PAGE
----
By Matt Skoufalos
At the age of five, Cookie Sanchez was hospitalized for a month with third-degree burns. While in recovery, she felt the compassionate attention of the nurses who tended to her, and from that moment, knew that she wanted to repay the kindness someday. At 13, she volunteered as a hospital candy striper, but was quickly frustrated by the limitations of the position (“I was only allowed to give water to the patients,” Sanchez recalled).
By 17, she was a single mother, and becoming a nurse suddenly became less of an aspirational career and more of an opportunity to provide a stable living for herself and her child. With focused intention, Sanchez completed her CNA certificate, and worked for a decade as a nurse’s aide. As the demands of her profession increased, Sanchez returned to school to complete her LPN license, and then again to get her bachelor’s degree in nursing (RN). With that education under her belt, she spent another 12 years working in a liver transplant unit at Lourdes Medical Center in Camden, New Jersey, one of the most dangerous cities in the country.
“It was scary,” Sanchez said. “I said to myself, ‘I have a baby at home, I can only work night shifts because I have to take care of her during the day.’”
She remembered that time in the ICU as “the most amazing 12 years of my life;” a balance of intimidating and rewarding experiences. Her patients were in need of such critical care that she would spend an entire 12-hour shift tending to one at a time. Sanchez later worked as a charge nurse, a case manager, and served on some leadership committees, but still searched for opportunities to give back to the local community from which Lourdes drew its patients. Last year, she left the ICU for a clinical manager’s role supervising home health aides at Bayada of Philadelphia, Pennsylvania, a job in which she feels more closely connected to changing people’s health habits before they fall ill.
“What I do now, I love,” Sanchez said. “The struggle was on when I was 17. Now I’m 54 and the struggle is still on, but it’s getting better. I’m giving it all I got.”
For Sanchez, education was one of the only ways to win that struggle, and it’s a message to which she frequently returns in her mentorship of younger nurses. In a family of 12 siblings, she’s the only one to have earned a college degree. She’s frequently leveraged her bilingual expertise in connecting with both clients and coworkers, and six years ago, joined the National Association of Hispanic Nurses (NAHN). Last year, she was named president-elect of its Philadelphia chapter, a position from which she hopes to help create more opportunity for young nurses who may share her experiences.
Sanchez said that she tells young working nurses, “It’s not enough to work and get paid,” and encourages them to carry forward the spirit of community education among their peers who are starting out in the field.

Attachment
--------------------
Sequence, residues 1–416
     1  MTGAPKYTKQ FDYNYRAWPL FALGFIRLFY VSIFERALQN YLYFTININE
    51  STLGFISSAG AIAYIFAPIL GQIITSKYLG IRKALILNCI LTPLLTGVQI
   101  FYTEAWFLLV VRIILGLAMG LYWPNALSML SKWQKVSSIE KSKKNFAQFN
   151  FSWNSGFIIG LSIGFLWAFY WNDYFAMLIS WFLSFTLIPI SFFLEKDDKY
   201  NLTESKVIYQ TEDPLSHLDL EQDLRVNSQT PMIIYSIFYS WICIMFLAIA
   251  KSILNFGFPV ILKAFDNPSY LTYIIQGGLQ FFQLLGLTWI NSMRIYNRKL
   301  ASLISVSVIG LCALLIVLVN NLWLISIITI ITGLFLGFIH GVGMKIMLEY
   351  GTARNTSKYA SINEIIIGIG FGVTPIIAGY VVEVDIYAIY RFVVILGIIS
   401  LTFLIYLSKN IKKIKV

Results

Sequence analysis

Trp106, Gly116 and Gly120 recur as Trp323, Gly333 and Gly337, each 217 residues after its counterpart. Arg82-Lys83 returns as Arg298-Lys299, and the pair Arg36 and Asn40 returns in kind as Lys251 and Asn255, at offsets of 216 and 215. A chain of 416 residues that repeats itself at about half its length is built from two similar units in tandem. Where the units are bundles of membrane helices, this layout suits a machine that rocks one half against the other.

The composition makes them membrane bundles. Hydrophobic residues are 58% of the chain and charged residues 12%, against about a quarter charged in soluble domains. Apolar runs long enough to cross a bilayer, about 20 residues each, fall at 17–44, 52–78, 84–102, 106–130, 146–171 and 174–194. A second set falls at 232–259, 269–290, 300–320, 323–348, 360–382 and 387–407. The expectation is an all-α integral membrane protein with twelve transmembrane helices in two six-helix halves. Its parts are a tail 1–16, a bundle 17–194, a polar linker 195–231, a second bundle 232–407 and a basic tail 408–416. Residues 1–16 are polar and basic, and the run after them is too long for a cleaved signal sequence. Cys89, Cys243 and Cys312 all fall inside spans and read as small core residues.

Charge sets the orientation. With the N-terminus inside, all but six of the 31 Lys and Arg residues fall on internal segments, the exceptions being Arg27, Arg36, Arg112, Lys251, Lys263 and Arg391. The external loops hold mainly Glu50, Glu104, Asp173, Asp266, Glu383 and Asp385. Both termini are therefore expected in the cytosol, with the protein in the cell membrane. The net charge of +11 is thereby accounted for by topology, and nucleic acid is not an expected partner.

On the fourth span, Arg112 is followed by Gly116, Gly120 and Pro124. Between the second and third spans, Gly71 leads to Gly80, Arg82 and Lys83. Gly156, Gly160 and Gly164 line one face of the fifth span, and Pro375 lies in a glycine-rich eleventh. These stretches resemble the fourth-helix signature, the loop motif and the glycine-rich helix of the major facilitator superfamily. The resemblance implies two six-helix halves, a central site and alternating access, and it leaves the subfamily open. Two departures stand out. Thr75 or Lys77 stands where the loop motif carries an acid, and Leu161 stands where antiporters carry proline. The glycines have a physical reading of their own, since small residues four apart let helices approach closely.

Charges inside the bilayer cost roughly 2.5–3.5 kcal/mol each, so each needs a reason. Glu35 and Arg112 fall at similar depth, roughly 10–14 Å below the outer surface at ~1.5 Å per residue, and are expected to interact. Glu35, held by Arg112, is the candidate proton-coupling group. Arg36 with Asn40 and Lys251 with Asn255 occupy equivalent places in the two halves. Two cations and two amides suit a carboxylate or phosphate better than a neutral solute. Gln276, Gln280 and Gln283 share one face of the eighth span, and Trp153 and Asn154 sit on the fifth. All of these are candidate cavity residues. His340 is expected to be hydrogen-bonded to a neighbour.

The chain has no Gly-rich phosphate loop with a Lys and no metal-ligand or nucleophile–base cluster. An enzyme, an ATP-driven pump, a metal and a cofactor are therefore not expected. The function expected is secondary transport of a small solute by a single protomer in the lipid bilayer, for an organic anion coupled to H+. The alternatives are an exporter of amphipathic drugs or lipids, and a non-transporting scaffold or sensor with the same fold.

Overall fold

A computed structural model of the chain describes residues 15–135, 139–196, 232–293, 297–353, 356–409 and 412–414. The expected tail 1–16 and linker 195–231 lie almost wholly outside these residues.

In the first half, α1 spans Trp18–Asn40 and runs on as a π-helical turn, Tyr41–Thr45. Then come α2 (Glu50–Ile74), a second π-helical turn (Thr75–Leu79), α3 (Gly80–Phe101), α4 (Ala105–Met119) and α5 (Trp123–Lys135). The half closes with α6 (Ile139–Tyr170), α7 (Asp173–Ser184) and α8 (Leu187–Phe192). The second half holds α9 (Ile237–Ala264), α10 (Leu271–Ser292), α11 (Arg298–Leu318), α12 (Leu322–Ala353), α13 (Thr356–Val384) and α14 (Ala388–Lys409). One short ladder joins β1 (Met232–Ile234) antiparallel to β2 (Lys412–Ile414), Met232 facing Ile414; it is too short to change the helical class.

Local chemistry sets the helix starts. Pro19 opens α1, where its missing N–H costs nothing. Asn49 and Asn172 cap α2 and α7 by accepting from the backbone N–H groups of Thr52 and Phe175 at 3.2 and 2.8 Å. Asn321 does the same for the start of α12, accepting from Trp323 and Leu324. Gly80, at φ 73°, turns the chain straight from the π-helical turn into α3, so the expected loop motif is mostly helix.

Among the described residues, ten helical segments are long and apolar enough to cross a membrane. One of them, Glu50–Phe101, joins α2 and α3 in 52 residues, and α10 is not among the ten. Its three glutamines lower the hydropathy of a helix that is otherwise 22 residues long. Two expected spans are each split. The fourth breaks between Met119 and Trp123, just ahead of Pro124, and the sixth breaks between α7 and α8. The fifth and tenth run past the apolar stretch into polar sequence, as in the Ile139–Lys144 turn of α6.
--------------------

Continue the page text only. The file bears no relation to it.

A shortfall in money that once was available to pursue a career in nursing has left many young nursing students unqualified for entry-level positions, the requirements for which now may include bachelor’s degree programs. Part of the issue is that institutions may no longer fund advanced degree programs to the levels they once did; even veteran staff who may have been working in the field for years no longer have a guarantee of retaining their positions without completing higher-education curricula, she said.
“I have a couple students in my organization who are having a hard time getting a job as a new nurse,” Sanchez said. “There’s such a shortage and yet because you’re a new nurse, they give you a hard time. We see a lot of graduate nurses who only have an associate degree, and a lot of places are looking for bachelor’s degrees; a lot of facilities are requiring a BSN. They’re sending people back to school to get a bachelor’s degree if they want to maintain their status [in management].”
To that end, NAHN devotes a significant amount of time and effort collecting money to help more Hispanic nurses enter the field and retain their positions. Its fundraising typically generates scholarships for at least three students to continue their nursing education. Sanchez estimated that Hispanic nurses comprise about 15 percent of the national nursing population, and yet the need for bilingual caregivers to address health education concerns and tend to non-English-speaking patients has never been greater: that’s why NAHN also provides money to subsidize public health screenings.
“When we do health screenings, we ask patients, ‘What are your numbers?’ ‘Do you have a history of high blood pressure?’ and they don’t understand,” Sanchez said. “That’s not enough for us. That’s not education.”
With better communication, Sanchez said she and her cohorts can help reduce the waste associated with ER-first primary care, illnesses caused by contravening pharmaceutical regimens, and similar issues.
“We need to help them understand the medication they’re taking; try to keep them away from the emergency room; try to save the hospital some money,” she said.
“I see these single women who are out there trying to make a living,” Sanchez said. “I get to encourage these girls to continue their education. We need them to understand that there’s a [nursing] shortage, the language barrier is important, and we need to educate and give back to our community.”
After beginning her career at a time when nurses primarily were hired to take orders from physicians, these are issues to which she could never have foreseen herself having a hand in shaping the solutions.
“We’ve come a long, long way,” she said.